AMR refinement criteria

Several parameters controlling refinement can be set in the setrun function. See Specifying AMRClaw run-time parameters in for further description of these. Many of the parameters discussed below are attributes of rundata.amrdata in

Every regrid_interval time steps on each level, the error is estimated in all cells on grids at this level. Cells where some refinement criteria are satisfied are flagged for refinement. Default options for flagging are described below. Additional cells surrounding the flagged cells are also flagged to insure that moving features of the solution (e.g. shock waves) do not escape from the region of refinement before the next regridding time. The number of buffer cells flagged is specified by regrid_buffer_width and the number of steps between regridding on each level is specified by regrid_interval. Typically these are equal (assuming the Courant number is close to 1) and taken to be some small integer such as 2 or 3.

In addition to flagging individual cells based on the behavior of the solution, it is also possible to specify that certain regions of the domain should always be refined to a certain level (and/or never refined above some level). This is described further in Specifying AMR regions. These regions are used in conjunction with the methods described below to determine whether or not a given cell should be flagged for refinement.

The cells that have been flagged are then clustered into rectangular regions to form grids at the next finer level. The clustering is done in light of the tradeoffs between a few large grids (which usually means refinement of many additional cells that were not flagged) or many small grids (which typically results in fewer fine grid cells but more grids and hence more overhead and less efficient looping over shorter rows of cells). The parameter clustering_cutoff in is used to control this tradeoff. At least this fraction of the fine grid cells should result from coarse cells that were flagged as needing refinement. The value clustering_cutoff = 0.7 is usually reasonable.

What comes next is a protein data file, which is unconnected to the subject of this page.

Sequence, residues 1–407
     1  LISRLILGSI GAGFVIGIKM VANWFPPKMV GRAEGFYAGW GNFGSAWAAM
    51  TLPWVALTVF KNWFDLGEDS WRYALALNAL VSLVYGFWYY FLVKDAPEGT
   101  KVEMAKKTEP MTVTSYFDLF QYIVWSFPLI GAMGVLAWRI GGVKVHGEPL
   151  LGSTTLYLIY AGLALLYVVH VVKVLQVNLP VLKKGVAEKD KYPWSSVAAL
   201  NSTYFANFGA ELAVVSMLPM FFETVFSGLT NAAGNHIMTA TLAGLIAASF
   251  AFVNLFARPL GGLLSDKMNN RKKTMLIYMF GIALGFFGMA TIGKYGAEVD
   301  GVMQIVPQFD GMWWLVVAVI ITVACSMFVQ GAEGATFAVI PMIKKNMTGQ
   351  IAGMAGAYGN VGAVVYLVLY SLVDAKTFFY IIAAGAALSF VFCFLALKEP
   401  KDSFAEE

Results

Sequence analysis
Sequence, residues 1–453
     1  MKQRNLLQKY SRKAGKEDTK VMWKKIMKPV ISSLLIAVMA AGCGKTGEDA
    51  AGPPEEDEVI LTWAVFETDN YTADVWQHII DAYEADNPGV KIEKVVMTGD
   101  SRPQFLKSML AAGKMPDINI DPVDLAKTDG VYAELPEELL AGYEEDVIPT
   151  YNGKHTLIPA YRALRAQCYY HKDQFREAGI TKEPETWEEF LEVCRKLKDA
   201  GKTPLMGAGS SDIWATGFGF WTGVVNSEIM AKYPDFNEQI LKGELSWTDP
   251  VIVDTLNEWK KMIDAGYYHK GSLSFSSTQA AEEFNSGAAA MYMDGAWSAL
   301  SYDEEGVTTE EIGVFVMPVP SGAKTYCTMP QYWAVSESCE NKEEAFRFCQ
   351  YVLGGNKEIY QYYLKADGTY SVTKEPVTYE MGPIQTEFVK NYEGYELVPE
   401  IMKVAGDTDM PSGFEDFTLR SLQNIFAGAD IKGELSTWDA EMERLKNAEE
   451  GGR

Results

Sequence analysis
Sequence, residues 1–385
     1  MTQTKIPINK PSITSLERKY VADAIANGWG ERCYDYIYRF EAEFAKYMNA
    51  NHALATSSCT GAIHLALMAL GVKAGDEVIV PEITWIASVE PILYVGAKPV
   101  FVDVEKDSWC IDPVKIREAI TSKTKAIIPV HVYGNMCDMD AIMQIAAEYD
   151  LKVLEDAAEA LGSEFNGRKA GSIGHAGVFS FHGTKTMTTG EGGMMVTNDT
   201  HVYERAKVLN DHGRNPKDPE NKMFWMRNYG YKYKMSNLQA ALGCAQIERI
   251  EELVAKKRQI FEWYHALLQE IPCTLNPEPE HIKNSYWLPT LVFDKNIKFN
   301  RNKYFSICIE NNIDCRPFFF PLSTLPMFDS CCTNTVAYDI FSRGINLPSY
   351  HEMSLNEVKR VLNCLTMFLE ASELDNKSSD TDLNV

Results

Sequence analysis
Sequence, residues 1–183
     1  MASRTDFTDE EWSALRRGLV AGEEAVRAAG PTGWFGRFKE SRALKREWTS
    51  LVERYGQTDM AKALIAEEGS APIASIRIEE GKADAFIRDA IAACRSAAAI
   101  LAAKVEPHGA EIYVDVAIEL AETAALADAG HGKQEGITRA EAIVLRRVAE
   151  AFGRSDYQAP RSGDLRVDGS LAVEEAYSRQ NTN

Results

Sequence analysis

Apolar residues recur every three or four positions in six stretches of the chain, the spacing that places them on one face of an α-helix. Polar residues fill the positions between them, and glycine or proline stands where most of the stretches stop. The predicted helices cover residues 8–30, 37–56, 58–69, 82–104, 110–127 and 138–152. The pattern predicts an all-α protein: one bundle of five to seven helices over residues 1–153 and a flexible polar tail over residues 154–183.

Flagging criteria

Two possible approaches to flagging individual cells for refinement (based on the behavior of the solution) are built into AMRClaw. (A different default approach is used in GeoClaw, see Flagging criteria in GeoClaw).


One approach to flagging cells for refinement (the default used in most examples) is to set flag2refine == True and specify a tolerance flag2refine_tol. This indicates that the library subroutine $CLAW/amrclaw/src/Nd/flag2refine.f90 should be used to flag cells for refinement. This routine computes the maximum max-norm of the undivided difference of \(q_{i,j}\) based its four neighbors in two space dimensions (or 6 neighbors in 3d). If this is greater than the specified tolerance, then the cell is flagged for refinement (subject to limitations imposed by “regions”). The undivided difference (not divided by the mesh width) is used, e.g. \(|q(m,i+1,j) - q(m,i-1,j)|\) for each component \(m\).

Note that the user can change the criterion used for flagging cells by modifying this routine – best done by copying the library routine to your application directory and modifying the Makefile to point to the modified version.

Richardson extrapolation

The second approach to flagging individual cells is based on using Richardson extrapolation to estimate the error in each cell. This is used if flag_richardson == True. In this case a cell is flagged if the error estimate exceeds the value flag_richardson_tol. Richardson estimation requires taking two time steps on the current grid and comparing the result with what’s obtained by taking one step on a coarsened grid. One time step on the fine grid is re-used, so only one additional time step on the fine grid and one on a coarsened grid are required. It is somewhat more expensive than the flag2refine approach, but may be more useful for cases where the solution is smooth and undivided differences do not identify the regions of greatest error.

Note: Both approaches can be used together: if flag2refine == True and flag_richardson == True then a cell will be flagged if either of the corresponding specified tolerances is exceeded.